Spain's "indignant" protesters refused to completely dismantle a tent encampment in a major Barcelona square Wednesday despite saying they feared a clash with police.
Activists had agreed to clear their tent camp from the Plaza de Catalunya on Wednesday in return for the city giving them an information booth to help tell people about the protest over Spain's economic crisis.
But Roc Peris, a spokesman for the Barcelona movement, said the city had offered them a cabin measuring eight square metres (86 square feet), which was "not enough".
"We don't think that's fair. We did our part to clean up as much as possible and now we are waiting for their proposal," he said, adding that he feared police may swoop overnight to move them out.
Protesters removed some signs and cleared about one-third of the encampment in the square but left a dozen large protest stalls and about 15 smaller sleeping tents.
The Barcelona encampment was set up as part of a movement that erupted May 15 with activists rallying protesters to city squares around Spain, spreading the word via Twitter and Facebook.
The protesters have won broad public support in their fight against austerity measures, a 21.29-percent unemployment rate and corruption-tainted politicians.
On May 27, Catalan anti-riot police fired rubber bullets and swung truncheons to disperse protesters in the Barcelona square, resulting in 87 mostly light injuries.
By that same evening, however, at least 5,000 people were back in the square pitching tents again.
"If anyone is going to do any hitting it will be the police making a violent eviction," said Mehdi Semenas, 23-year-old musician and Barcelona resident from Montpellier, France.
"We are fighting for the children who will have to confront the future," he said.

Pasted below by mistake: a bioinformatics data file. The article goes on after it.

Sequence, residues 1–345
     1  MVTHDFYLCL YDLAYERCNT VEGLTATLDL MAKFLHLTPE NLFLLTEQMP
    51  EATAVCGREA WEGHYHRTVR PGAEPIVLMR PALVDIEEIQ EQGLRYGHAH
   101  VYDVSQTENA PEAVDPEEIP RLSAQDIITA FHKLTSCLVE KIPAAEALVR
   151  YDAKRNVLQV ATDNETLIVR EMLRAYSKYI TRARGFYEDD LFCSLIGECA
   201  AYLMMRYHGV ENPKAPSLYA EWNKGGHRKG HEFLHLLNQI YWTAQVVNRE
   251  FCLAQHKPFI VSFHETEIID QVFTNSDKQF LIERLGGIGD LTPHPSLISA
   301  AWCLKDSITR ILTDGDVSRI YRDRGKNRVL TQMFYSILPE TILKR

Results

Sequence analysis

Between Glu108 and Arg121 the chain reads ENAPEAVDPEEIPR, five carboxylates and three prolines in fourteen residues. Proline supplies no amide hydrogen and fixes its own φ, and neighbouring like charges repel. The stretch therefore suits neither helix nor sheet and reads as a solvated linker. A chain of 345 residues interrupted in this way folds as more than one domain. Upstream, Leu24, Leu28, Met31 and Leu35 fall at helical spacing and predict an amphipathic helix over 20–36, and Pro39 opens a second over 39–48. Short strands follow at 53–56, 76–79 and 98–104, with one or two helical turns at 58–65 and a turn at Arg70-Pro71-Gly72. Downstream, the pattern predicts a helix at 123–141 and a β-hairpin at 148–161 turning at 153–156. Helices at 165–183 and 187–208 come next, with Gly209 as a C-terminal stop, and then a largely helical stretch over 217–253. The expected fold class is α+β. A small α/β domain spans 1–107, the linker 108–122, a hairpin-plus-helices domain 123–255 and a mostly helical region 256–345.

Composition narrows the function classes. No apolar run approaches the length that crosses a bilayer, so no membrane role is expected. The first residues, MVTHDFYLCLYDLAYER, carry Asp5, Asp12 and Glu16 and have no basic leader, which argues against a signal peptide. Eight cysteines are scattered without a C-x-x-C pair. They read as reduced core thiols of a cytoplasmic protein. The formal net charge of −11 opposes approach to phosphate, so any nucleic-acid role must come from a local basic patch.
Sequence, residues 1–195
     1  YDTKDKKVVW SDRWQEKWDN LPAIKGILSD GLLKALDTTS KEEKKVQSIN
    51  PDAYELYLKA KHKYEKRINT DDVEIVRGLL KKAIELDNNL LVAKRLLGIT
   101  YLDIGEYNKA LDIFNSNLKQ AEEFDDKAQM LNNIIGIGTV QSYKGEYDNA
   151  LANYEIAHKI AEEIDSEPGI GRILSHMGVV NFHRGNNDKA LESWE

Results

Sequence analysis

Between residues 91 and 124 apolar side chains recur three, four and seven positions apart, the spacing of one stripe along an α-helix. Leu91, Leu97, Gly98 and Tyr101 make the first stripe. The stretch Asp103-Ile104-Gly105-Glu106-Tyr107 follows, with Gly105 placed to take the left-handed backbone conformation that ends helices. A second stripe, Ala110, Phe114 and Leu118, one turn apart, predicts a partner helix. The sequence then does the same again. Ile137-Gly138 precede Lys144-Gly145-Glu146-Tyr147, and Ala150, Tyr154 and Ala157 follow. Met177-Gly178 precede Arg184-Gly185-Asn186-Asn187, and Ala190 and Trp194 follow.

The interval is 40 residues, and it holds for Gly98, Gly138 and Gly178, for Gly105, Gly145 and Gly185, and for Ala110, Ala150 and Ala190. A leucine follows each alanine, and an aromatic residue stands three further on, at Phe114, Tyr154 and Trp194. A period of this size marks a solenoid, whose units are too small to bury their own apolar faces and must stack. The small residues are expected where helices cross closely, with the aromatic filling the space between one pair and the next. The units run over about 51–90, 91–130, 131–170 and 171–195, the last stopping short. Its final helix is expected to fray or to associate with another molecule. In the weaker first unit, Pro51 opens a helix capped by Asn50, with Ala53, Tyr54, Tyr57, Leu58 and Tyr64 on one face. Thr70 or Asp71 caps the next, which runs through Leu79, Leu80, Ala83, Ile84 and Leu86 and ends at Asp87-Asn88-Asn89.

A protest camp in Madrid's Puerta del Sol square was dismantled on June 12 but the group has since mounted a series of protests, rallying an estimated 200,000 people across Spain on June 19.
Last week, small groups of activists set off on long marches from Barcelona, Valencia in the east and Cadiz in the south to spread their protest before joining up for a Madrid rally planned on July 24.
Prime Minister Jose Luis Rodriguez Zapatero vowed in a state of the nation address Tuesday to curb Spain's debt and battle the crisis, describing the high unemployment rate as "unacceptable".
On Wednesday, about 100 activists gathered in Madrid's Puerta del Sol for a "people's debate" on the state of the nation, sitting on cardboard boxes as volunteers handed out umbrellas to fend off the sun and sprayed people with cooling water.
"We want to denounce the breach that separates citizens from political representatives," one activist told the crowd. "Because the problems of the citizens find no echo in the debate in parliament."
© 2011 AFP
Meet the most eligible internationals in Spain at Expatica Date!
Join Expatica's online community to reach out for expats just like you!
It's as easy as 1-2-3!
Expatica's Getting Started section will provide practical information on how you can open a bank account, exchange your driving licence, improve your Spanish, and more.
Here's a guide to an extensive list of groups and clubs in Madrid for expats, from sports groups to social and family gatherings.
A brief introduction to our Tax section for Spain, from help with inheritance tax to accounting advice.
Here's a short introduction to our Banking section for those living in Spain, from what to ask the experts to opening a Spanish bank account.